In February 2014, two incidents at the Waste Isolation Pilot Plant, or WIPP, in New Mexico caused the shutdown of the only facility in the U.S. that permanently disposes of transuranic waste, or TRU waste. That waste is disposed in shafts, or drifts, about a half-mile below ground in an ancient salt bed. Some of that waste has come from Oak Ridge.
After months of investigations into the cause of a truck fire and a radiological release two weeks later, the U.S. Department of Energy released a recovery plan at the end of September that outlines the steps necessary to resume limited waste operations in the first quarter of 2016.
“Key elements of the recovery plan include strengthening safety programs, regulatory compliance, decontamination of the underground, increasing ventilation, mine stability and underground habitability, and additional workforce retraining,” according to a statement on WIPP’s website.
The recovery plan itself says “the schedule to commence waste emplacement operations is the first quarter of calendar year 2016, with the intent to incrementally increase waste emplacement operations over time. Options are being explored to determine if some actions can be accelerated.”
The recovery plan estimates the cost to do everything needed to resume limited operations to be about $242 million, but that doesn’t include two additional capital projects to restore WIPP to full operation:
- a new permanent ventilation system, with an estimated cost range of $65 million–$261 million, and
- a supporting exhaust shaft, with an estimated cost range of $12 million–$48 million.
The wide range is explained as being preliminary estimates that will be refined as detailed planning is developed and uncertainties are reduced.
DOE Environmental Management in Oak Ridge had been sending TRU waste for disposal at WIPP before the incidents. It was sending two types of TRU: contact-handled, or CH, and remote-handled, or RH. CH TRU can be manipulated directly with proper personal protection. RH TRU is higher activity material and must be handled mechanically.
Of Oak Ridge’s original inventory of 1,500 cubic meters of CH, about 97 percent has been processed at the TRU Waste Processing Center, or TWPC, off State Route 95 in southwest Oak Ridge, and about 68 percent of the inventory has been sent to WIPP.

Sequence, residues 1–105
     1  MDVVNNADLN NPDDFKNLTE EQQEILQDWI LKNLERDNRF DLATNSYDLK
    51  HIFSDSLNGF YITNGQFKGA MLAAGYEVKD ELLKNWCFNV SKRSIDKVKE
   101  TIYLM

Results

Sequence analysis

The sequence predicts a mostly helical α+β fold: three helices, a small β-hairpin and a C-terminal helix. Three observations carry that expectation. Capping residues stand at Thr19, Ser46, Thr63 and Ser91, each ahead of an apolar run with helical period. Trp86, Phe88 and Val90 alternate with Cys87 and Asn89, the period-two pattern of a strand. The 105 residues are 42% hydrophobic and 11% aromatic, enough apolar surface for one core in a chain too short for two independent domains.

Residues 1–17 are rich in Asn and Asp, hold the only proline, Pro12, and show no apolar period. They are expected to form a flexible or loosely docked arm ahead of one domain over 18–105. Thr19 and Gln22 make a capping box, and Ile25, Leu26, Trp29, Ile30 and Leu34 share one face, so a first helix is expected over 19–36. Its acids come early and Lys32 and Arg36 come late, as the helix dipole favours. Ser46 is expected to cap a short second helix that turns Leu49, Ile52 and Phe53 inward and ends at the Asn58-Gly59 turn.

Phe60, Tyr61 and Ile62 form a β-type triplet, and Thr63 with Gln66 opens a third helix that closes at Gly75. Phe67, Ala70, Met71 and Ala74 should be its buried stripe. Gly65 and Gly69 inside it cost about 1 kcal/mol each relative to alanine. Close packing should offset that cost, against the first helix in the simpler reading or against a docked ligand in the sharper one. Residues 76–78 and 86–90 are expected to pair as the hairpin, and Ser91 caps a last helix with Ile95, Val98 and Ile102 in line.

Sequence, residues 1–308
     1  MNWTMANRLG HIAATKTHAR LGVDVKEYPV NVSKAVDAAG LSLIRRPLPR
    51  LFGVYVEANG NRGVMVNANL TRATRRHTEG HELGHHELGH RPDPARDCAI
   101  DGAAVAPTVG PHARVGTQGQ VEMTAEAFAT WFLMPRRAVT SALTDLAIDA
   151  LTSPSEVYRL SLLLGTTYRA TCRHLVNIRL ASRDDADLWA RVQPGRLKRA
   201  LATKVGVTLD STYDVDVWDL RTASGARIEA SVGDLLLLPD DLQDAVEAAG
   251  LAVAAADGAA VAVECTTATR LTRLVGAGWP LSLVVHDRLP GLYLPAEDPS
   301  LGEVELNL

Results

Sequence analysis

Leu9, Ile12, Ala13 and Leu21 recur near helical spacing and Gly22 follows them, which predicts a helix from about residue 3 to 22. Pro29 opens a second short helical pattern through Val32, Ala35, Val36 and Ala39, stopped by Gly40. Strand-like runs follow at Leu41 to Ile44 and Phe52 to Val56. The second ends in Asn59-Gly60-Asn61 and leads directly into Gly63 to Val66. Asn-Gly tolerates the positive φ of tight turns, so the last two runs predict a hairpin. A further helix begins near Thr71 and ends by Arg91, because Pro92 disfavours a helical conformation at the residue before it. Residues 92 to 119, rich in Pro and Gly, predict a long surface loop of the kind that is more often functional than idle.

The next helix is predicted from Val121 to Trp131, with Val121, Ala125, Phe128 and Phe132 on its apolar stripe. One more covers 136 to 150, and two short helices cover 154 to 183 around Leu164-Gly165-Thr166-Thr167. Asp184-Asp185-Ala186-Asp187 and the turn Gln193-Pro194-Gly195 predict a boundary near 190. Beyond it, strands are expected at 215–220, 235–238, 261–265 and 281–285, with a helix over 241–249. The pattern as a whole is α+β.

There were about 560 cubic meters of RH TRU at TWPC. About 78 percent has been processed and 25 percent has been shipped.
Disposition amounts include material sent to WIPP and other waste determined to be low-level that is shipped to the Nevada National Security Site or commercial facilities.
“Following the WIPP shipment suspension, we worked with our contractor, Wastren Advantage Inc., to develop and implement a plan that allows continued progress toward meeting our Site Treatment Plan (STP) commitments with the state,” said Laura Wilkerson, portfolio federal project director for the TWPC. “The plan for handling TRU in the interim involves continued processing and characterization of CH waste and then using existing storage facilities at Oak Ridge National Laboratory to stage the waste until shipments to WIPP resume.”
What to do about RH waste is a little trickier.
“We have very limited storage capacity at the TWPC for RH TRU,” Wilkerson said. “That requires us to re-sequence the high dose waste processing and put the near-term focus on processing RH casks with low dose wastes that can be treated as CH.”
She said DOE is working on obtaining concrete overpacks that RH waste canisters can be stored in and staged at the lab after the waste has been characterized and processed.
Wilkerson said while STP milestones have been impacted because of the WIPP shutdown, she said DOE has been communicating the situation with the state and believes there is basis for renegotiating the milestones.